The new variants from the United Kingdom, South Africa, and Brazil have arrived, and COVID-19 is about to get much worse in America. It may hit our Black communities the hardest—unless we devise a new plan to prevent a potentially catastrophic surge in deaths and protracted illnesses.
Last year, we quickly learned how Black populations suffered disproportionately compared to most other groups in the United States. Approximately 56,000 Black people have been recorded as losing their lives due to COVID-19, and the figure is likely an undercount. This number represents 16 percent of all documented COVID-19 deaths nationwide, exceeding the percentage of Black Americans in the U.S. population. One in every 792 Black Americans has died in connection with the coronavirus, about three times the rate among white people. Black people are also far more likely to contract COVID-19 or require hospitalization.
Equally disturbing, Black Americans, at least early on in the pandemic, appeared to be dying from COVID-19 at a younger age compared to the rest of the U.S. population. Whereas 13 percent of white deaths examined by the CDC were under the age of 65, 30 percent of nonwhite deaths fell in that age range.
The reasons for the high rates of serious illness and deaths at younger ages require more in-depth investigation. They likely include higher exposure rates due to the essential nature of work in low-income neighborhoods connected to construction sites or small businesses, and, possibly virus infections among homeless and incarcerated populations. There are also substantial rates of diabetes, hypertension, renal disease, and obesity among Black populations.
The bottom line is that we are losing thousands of Black moms, dads, brothers, and sisters in their forties, fifties, and early sixties to COVID-19. We are moving to a new reality in which, soon, most Black people may know someone personally who has lost their life to COVID-19.
Our best hope to prevent further devastation is through vaccination. But there, again, we are failing Black families.
Although vaccination data are still not widely available in many states, it already appears that Black Americans have fallen behind white ones. A new Kaiser Health News analysis in 16 states finds that white residents significantly outpace Black residents, often by a factor of two or three times, in terms of immunization rates. For example, in Mississippi—a state with a 38 percent Black population—only 18 percent of those who had been vaccinated were Black.
A major concern is lack of vaccine access. Under President Trump, our national vaccination program for COVID-19 relied significantly on hospital and pharmacy chains, even though many poor neighborhoods no longer sustain community hospitals or became “pharmacy deserts.” Hospital closures in segregated communities are well documented, and a 2014 study in the prestigious Health Affairs policy journal highlighted the desertification of pharmacies in segregated Chicago communities.
Compounding inadequate health care and pharmacy access are high rates of vaccine refusal or hesitancy. A recent study I took part in, published in Social Science & Medicine and led by Dr. Tim Callaghan at Texas A&M University, found that 31 percent of Americans did not plan on getting vaccinated against COVID-19—with Black people 40 percent more likely not to attempt immunization. Among the major reasons cited were fears about COVID-19 vaccine safety and efficacy, as well costs and lack of health insurance. An earlier Kaiser study had similar findings.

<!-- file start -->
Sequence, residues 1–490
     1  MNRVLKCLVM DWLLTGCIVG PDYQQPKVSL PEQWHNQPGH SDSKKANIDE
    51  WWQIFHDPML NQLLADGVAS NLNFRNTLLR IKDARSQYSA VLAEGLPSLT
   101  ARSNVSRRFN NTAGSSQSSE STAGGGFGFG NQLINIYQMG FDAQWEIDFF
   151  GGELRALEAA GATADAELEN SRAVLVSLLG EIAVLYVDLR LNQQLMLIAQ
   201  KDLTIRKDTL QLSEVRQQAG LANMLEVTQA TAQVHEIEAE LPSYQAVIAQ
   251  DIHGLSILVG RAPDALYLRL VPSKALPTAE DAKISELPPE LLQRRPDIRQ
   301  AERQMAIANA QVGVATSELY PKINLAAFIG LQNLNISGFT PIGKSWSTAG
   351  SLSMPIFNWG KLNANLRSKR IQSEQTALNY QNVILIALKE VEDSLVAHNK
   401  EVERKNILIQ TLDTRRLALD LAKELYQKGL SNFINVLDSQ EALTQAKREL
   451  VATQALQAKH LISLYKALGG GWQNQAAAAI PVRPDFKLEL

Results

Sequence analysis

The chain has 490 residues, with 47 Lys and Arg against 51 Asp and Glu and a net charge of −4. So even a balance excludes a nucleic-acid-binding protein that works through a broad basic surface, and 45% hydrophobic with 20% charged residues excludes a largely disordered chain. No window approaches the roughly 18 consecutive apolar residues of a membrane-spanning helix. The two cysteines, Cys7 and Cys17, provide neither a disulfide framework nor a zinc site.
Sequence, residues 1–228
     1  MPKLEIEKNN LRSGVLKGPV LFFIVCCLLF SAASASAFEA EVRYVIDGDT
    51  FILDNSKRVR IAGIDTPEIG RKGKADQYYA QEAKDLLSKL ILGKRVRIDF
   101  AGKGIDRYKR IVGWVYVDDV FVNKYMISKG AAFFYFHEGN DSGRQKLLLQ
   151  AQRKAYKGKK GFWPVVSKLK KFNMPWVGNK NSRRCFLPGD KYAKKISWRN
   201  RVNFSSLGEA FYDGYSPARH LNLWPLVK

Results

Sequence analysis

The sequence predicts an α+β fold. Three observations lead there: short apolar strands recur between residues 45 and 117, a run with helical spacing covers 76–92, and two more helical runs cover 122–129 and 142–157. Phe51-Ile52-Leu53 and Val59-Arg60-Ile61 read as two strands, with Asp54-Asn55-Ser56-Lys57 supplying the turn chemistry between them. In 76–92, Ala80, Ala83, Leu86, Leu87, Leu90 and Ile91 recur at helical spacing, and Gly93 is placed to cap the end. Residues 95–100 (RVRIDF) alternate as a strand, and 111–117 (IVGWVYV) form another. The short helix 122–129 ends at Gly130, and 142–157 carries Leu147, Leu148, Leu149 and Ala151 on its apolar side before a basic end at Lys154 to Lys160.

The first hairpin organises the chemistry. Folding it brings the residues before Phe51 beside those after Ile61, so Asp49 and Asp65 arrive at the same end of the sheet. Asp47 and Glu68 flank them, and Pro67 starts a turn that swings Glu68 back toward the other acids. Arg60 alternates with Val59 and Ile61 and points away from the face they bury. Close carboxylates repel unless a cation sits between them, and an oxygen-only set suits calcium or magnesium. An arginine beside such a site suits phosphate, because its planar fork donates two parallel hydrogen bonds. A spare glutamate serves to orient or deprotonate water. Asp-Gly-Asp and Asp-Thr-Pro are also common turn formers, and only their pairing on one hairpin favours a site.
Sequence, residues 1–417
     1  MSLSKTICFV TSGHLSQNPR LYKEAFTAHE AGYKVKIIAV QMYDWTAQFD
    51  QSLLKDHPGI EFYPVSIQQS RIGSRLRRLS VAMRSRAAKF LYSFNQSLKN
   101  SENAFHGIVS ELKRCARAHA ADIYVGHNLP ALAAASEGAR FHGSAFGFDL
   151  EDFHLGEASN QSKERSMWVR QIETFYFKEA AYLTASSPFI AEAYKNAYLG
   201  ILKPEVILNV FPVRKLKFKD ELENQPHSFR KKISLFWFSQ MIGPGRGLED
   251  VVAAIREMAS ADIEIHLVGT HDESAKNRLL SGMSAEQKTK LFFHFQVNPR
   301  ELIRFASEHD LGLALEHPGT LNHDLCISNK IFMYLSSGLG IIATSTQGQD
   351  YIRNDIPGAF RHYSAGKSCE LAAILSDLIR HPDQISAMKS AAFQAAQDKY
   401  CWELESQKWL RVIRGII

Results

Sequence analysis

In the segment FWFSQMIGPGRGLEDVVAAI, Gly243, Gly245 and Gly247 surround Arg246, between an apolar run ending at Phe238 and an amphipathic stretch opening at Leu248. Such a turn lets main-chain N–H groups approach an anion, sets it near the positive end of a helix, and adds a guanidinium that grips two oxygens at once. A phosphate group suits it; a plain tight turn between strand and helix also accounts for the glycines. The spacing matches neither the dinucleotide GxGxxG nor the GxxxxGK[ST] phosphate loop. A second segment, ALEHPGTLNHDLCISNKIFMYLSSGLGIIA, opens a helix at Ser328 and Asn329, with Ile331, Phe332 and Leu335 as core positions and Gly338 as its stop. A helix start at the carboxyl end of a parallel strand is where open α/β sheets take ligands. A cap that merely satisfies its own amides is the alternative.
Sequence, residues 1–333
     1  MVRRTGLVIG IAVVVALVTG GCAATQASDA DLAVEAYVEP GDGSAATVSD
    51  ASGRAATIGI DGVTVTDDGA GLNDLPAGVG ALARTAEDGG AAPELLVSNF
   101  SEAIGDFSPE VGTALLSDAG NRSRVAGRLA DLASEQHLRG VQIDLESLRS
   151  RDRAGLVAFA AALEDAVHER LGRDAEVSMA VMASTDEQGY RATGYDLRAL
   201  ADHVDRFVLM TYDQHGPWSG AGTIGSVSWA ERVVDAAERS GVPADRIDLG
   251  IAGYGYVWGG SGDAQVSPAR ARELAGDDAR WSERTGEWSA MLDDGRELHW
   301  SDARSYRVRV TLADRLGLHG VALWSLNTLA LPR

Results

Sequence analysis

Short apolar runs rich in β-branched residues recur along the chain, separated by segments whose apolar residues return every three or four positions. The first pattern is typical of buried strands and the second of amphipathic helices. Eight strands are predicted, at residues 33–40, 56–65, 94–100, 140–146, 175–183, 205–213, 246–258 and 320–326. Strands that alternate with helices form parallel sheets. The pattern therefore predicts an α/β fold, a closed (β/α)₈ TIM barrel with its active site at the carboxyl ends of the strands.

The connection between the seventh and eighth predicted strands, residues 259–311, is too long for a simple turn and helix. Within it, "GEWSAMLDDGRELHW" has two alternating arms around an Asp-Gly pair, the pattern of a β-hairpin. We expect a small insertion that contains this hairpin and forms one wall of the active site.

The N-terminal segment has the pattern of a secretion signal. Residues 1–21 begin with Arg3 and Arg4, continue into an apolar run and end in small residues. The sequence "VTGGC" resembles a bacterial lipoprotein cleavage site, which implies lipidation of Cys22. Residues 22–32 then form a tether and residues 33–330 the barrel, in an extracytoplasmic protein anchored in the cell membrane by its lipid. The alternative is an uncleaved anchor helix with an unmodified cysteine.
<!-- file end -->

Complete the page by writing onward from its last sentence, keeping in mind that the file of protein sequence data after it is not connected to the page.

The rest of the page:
A perfect storm is brewing in Black communities across America. The increased COVID-19 exposure in low-income neighborhoods, high rates of co-morbidities and deaths in younger age groups, lack of vaccine access, and vaccine refusal, all work to ensure that adult Black people will sustain devastating losses.
And now we face the impact of emerging variants.
The variants have already gained a foothold in 32 U.S. states and could outcompete existing ones in the coming weeks. COVID-19 is about to become even more contagious, and possibly more lethal. By the spring, the new COVID-19 variants may cause historic decimation of Black communities.
Beyond the infrastructure issues required to improve health systems in low-income communities, we must take steps to rapidly immunize Black Americans ahead of the variants. The Biden administration has put forward a sound plan to achieve equity in communities of color—and to vaccinate the American people by the fall. But with the variants surging, we are running out of time, and must complete a national vaccination campaign by the summer. Avoiding a protracted path of destruction requires immediate expansion of vaccine access in Black communities.
We must also effectively communicate the dangers of COVID-19 to Black Americans, especially those in their middle-aged adult years who will otherwise succumb to the virus in large numbers. This includes addressing the horrific legacy of Tuskegee in the 20th century and reassuring the Black community that vaccination against COVID-19 is not a twisted experiment.
Our message: Vaccination offers the only certain path to avoid hospitalization, ICU admission, or death.
There is also another important element at play. In 2019, anti-vaxxer groups specifically targeted communities in Harlem, New York, with a disinformation campaign, much as they did the Minnesota Somali immigrant community in 2017 and New York Orthodox Jewish groups in 2018 and 2019. Vaccine hesitancy may represent a fallout from the Harlem anti-vaxxer rallies of 2019. In response, scientists and doctors must make efforts to reach Black audiences through radio programming, podcasts, and zoom calls.
We must counter the awful assertions of anti-vaxxer groups, and make this a national priority to prevent dramatic losses of life on an almost unimaginable scale.